2.2. Establishment of CRC–Associated Liver or Lung Metastatic Mouse Models

For orthotopic transplantation-induced liver metastatic model, 1 × 107 MC38 cells were resuspended in 1 mL sterile PBS, and 100 uL cell suspension was injected subcutaneously into the axilla region of donors. Two weeks later, tumor grafts were surgically removed, cut into 1 mm3 pieces and stored in ice cold saline before the surgery. The orthotopic implantation of tumor pieces to cecum was performed referring to the previous method [13]. Briefly, recipient mice were anesthetized with isoflurane and the cecum was clamped out by laparotomy on the left abdomen, then the serosa was gently scraped with the tip of 1 mL syringe and the tumor piece was fixed on the injury site with medical anastomotic glue (Baiyun, Guangzhou, China), last returned the cecum to the peritoneal cavity and closed the peritoneum and skin with 6–0 Vicry1 transmural suture. After 4 weeks, serum, livers, ileum, and tumors were harvested from recipient mice. The pulmonary metastasis model was established as follows. 1 × 107 MC38 cells were resuspended in 1 mL sterile PBS and 100 μL cell suspension was subcutaneously inoculated into the axilla region of donors. Four weeks later, CRC tumor was surgically removed from mice when it reached a maximal volume of 1.5 cm3. Mice continued to house for 8 weeks before being sacrificed.

2.3. Intervention of TCA or NTCP Neutralizing Antibody

In either liver or lung metastatic models (n = 10/groups), TCA were intraperitoneally (IP) injected at the dose of 30 mg/kg for 4 weeks. Referring to a previous study [14], the NTCP neutralizing antibody (USBiological, 350832) was IP administrated to TCA–treated mice twice a week for two consecutives, with PBS as control.

2.4. Detection of Serum TC, TG, LDL and HDL

Serum total cholesterol (TC), low-density lipoprotein cholesterol (LDL–C), and high-density lipoprotein cholesterol (HDL–C) were detected with assay kits purchased from Nanjing Jiancheng Bioengineering Institute and the determinations were conducted according to the manufacturer’ protocol. Briefly, 2.5 μL serum was added to the reagent and incubated at 37 °C for 5 min. Absorbance was measured at 546 nm.

2.5. Quantification of Serum Metabolomic Profile

Metabolomics analysis on serum samples were performed by using the Q300 Metabolite Array Kit (Metabo–Profile) as previously described [15]. The sample was conducted with an ACQUITY UPLC BEH C18 column (100 mm × 2.1 mm internal dimensions, 1.7 um particle size) on an Acquity UPLC system aligned with a Xevo TQ–S triple stage quadrupole mass spectrometer (Waters) with an ESI source. The mobile phases A and B were water (0.1% formic acid) and acetonitrile/isopropanol (70:30, v/v), respectively. Concentrations of metabolites were quantitated by Targeted Metabolite identification and quantification (TMBO) software.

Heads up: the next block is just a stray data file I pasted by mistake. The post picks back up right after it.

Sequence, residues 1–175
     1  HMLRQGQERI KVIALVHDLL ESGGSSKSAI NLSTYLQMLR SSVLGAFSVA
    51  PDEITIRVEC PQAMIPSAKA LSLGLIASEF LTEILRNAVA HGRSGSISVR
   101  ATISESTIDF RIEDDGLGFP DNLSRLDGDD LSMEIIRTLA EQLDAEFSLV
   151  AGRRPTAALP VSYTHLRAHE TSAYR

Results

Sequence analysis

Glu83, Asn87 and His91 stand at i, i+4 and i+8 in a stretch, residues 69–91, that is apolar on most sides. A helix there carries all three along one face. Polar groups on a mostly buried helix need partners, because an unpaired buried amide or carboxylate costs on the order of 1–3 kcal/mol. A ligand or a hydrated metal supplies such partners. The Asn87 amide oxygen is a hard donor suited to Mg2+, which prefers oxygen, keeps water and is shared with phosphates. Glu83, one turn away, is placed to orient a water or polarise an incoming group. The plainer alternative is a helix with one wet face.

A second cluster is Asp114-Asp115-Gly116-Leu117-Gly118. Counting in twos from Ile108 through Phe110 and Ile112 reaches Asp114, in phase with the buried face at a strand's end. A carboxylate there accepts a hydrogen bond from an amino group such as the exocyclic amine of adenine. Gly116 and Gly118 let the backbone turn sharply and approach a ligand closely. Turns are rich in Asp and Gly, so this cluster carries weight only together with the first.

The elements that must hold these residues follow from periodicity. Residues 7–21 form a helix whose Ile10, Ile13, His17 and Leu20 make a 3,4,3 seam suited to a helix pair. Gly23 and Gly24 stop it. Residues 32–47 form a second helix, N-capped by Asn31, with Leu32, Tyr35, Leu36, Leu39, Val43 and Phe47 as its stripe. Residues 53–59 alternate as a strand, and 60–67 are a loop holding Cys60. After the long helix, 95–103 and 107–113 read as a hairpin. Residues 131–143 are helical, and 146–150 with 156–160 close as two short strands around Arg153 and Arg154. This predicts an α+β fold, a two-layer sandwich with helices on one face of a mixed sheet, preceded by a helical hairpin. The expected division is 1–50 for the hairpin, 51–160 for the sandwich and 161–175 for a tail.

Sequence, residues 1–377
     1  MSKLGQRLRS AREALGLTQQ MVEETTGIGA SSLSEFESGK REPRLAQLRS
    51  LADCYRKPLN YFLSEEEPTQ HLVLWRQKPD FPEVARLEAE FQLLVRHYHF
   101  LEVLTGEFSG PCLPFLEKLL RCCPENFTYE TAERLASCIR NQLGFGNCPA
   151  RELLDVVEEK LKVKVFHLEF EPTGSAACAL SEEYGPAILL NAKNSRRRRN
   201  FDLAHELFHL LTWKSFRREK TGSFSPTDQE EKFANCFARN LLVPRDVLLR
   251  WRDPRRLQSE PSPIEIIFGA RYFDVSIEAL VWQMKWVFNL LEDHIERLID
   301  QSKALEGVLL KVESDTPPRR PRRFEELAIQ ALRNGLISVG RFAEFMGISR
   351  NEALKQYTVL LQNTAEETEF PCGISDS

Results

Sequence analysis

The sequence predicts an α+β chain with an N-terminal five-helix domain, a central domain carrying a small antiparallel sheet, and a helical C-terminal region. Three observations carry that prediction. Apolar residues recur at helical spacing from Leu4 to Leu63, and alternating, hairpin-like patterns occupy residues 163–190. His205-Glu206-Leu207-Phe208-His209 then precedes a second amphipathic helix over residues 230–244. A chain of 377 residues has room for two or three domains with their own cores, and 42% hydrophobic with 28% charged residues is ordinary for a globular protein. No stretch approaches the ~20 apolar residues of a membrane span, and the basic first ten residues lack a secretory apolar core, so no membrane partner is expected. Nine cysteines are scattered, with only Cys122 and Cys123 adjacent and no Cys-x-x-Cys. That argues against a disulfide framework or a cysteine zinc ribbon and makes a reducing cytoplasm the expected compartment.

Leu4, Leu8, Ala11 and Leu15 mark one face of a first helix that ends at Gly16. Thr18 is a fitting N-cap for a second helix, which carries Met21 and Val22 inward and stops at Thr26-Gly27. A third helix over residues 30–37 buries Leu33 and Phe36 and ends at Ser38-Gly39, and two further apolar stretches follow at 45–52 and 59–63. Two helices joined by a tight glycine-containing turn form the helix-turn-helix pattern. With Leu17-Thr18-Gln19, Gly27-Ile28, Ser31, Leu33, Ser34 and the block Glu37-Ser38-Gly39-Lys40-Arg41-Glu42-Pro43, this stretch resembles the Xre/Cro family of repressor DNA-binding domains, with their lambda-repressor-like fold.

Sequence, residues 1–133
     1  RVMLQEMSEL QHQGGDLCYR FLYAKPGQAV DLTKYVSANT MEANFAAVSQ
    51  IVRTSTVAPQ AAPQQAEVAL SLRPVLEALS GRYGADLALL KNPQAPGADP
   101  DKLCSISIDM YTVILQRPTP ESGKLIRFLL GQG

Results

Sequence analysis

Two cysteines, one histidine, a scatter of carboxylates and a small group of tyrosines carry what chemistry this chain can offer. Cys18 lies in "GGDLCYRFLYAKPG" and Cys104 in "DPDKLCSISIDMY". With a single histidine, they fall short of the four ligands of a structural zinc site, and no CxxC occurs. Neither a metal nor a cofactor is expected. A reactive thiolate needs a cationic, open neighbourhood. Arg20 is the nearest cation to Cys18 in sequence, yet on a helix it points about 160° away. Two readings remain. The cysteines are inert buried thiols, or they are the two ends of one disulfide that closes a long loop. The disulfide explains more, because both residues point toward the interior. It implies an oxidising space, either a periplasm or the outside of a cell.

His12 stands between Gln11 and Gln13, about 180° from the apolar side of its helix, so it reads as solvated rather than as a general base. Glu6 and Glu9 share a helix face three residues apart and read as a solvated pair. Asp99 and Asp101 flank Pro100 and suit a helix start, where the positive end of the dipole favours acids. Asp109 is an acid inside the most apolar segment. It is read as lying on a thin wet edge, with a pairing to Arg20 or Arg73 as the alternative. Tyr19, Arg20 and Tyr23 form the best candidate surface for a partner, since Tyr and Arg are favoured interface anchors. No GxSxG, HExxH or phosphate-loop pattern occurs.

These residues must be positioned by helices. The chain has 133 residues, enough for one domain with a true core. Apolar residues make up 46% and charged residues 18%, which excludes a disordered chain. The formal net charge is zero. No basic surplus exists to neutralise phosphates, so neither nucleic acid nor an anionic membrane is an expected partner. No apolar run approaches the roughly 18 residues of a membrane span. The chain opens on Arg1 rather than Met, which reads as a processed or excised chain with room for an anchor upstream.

2.6. Quantitation of BA Metabolites in Serum and Liver

The BAs in rodents’ specimens (serum and liver) were extracted and quantified according to the previous published study [16]. BAs analysis was performed with an ACQUITY BEH C18 column (1.7 mm, 100 mm, 32.1 mm internal dimensions) (Waters, MA, USA) on the instrument SCIEX Triple Quad 5500+ LC–MS/MS (AB Sciex, MA, USA). Standard calibration including seven different concentrations (10, 20, 40, 80, 160, 320, 640 nM) and methanol as the blank. The elution solvents were water with 0.1% formic acid (containing 4 mM ammonium acetate) (A) and acetonitrile with 0.1% formic acid/methanol (3:1) (B). The peak annotation and quantitation were performed using Analyst®1.6 Software (AB Sciex, MA, USA). Bile acid standards, including cholic acid (CA), chenodeoxycholic acid (CDCA), glycocholic acid (GCA), glycochenodeoxycholic acid (GCDCA), taurochenodeoxycholic acid (TCDCA), deoxycholic acid (DCA), taurodeoxycholic acid (TDCA), glyodeoxycholic acid (GDCA), ursodeoxycholic acid (UDCA), tauroursodeoxycholic acid (TUDCA), and taurolithocholic acid (TLCA) were purchased from Aladdin. Glyoursodeoxycholic acid (GUDCA), 7–ketolithocholic acid (7–KLCA), α–Muricholic acid (αMCA), β–Muricholic acid (βMCA), tauro–α–muricholic acid (TαMCA), and tauro–β–muricholic acid (TβMCA) were purchased from Sigma.

2.7. Hematoxylin–Eosin Staining

The mouse livers were fixed in 4% paraformaldehyde (PFA) for at least 24 h, then embedded in paraffin. The 3 µm liver tissue slices were stained according to manufacturer’ protocol using Hematoxylin–Eosin/HE Staining Kit (Solaribio, Beijing, China).

2.8. Immunofluorescence